Bipartisan Health Care Reform Nearly Dead?

During the Sunday talk shows the most important line came from White House advisor David Axelrod. His statements indicate the chance of bipartisan health care reform is becoming increasingly remote.

On This Week, David Axelrod redefined bipartisanship as simply including Republican ideas in the bill. He only “hopes it will come with Republican votes.”

This is new willingness on the part of the White House to go it alone on health care reform. I suspect what happened is the White House saw just how watered down legislation would need to be to get Republicans' support and was very not happy.

I looked at a draft outline of the “bipartisan” Senate Finance Committee's bill, and it is terrible. All the recent reporting has indicated that it has only gotten worse.

I don't know if the Obama administration concluded that the Finance Committee's bill would be unworkable politically, practically, or both. On a political level, there are probably enough liberal members of the House and Senate who will kill any reform resembling the Finance Committee's bill. They would rather take the “swiss cheese” version of a good bill that would be the result of using reconciliation over the complete version of a bad “bipartisan” bill.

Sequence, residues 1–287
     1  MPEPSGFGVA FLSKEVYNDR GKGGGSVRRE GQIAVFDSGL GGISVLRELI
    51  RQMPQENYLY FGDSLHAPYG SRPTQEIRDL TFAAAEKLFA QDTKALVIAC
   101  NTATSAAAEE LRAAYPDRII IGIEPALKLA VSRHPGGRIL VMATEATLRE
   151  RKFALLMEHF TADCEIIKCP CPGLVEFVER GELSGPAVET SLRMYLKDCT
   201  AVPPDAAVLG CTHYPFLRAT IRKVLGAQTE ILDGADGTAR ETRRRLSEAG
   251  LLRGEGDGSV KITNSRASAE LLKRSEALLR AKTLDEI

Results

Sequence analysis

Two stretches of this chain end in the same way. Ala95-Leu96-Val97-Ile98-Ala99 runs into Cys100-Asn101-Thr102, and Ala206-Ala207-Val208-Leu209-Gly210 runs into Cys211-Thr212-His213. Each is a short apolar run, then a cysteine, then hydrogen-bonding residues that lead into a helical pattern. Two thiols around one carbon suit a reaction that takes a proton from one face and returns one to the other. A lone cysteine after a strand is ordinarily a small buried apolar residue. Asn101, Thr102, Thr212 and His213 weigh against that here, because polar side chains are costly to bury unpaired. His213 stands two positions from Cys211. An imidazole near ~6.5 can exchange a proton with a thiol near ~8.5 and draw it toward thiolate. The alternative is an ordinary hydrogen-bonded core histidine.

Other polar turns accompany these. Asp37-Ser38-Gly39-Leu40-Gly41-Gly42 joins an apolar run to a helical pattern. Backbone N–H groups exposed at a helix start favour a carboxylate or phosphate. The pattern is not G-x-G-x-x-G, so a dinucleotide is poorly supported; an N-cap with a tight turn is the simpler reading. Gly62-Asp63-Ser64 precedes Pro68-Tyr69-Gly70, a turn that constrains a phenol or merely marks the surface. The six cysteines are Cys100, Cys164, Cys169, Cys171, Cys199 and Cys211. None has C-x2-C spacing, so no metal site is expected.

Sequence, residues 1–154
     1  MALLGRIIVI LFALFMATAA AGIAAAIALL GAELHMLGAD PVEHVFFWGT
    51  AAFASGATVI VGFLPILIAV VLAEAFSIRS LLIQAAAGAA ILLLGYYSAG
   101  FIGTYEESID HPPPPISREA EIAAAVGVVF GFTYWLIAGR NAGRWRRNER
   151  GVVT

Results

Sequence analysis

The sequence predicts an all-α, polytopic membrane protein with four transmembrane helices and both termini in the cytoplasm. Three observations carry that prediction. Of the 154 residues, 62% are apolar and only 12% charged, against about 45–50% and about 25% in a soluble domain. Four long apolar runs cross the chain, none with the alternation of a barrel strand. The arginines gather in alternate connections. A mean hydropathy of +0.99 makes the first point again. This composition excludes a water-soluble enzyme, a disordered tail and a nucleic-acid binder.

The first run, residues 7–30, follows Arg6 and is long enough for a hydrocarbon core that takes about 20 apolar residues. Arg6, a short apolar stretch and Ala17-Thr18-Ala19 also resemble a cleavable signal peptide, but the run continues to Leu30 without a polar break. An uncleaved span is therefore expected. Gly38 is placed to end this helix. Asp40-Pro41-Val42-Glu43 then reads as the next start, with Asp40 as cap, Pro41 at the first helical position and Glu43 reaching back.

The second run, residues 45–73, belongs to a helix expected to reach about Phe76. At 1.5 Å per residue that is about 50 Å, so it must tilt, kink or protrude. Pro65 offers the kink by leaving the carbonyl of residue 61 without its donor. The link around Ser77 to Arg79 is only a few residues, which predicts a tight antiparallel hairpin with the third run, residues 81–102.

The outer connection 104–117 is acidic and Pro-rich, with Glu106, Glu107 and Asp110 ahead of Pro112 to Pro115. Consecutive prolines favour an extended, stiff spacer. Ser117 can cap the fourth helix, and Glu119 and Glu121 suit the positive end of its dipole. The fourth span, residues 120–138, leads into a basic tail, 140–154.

The White House may also be concerned that the Finance Committee's bill would on a practical level be unworkable. It would be implemented too slowly, not do enough to make health care affordable, and not slow the growth in cost. If Obama signs a health care “reform” bill that could still leave low income people with medical bills in the ten of thousands, it could discredit the reform, the president, and the party.

No one yet knows what final shape the bipartisan Finance Committee's health care bill will take, but it is not going to be pretty. Obama has said he would rather have 85% of what he wants with 70 votes than 100% with 52 votes. The problem is any bill that can get 70 votes in the Senate will probably be closer to 35% of what he wants. Obama needs to ask himself if that is good enough for him personally, and also if he will be able to sell it to the more progressive members of his party. Axelrod is indicating the answer might be no.

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